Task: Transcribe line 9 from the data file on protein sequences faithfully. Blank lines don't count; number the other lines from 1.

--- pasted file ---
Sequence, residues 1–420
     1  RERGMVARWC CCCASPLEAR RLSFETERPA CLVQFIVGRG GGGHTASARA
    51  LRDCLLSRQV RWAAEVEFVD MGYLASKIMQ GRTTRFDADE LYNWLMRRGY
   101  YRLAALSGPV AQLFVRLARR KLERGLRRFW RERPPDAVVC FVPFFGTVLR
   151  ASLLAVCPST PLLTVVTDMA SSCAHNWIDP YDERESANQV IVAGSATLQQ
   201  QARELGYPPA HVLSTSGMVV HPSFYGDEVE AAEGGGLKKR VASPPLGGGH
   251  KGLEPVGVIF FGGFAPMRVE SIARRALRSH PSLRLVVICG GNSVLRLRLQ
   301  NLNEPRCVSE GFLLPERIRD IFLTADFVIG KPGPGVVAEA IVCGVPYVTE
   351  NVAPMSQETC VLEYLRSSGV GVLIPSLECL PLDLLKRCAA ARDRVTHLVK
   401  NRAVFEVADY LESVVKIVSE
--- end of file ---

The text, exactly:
   351  NVAPMSQETC VLEYLRSSGV GVLIPSLECL PLDLLKRCAA ARDRVTHLVK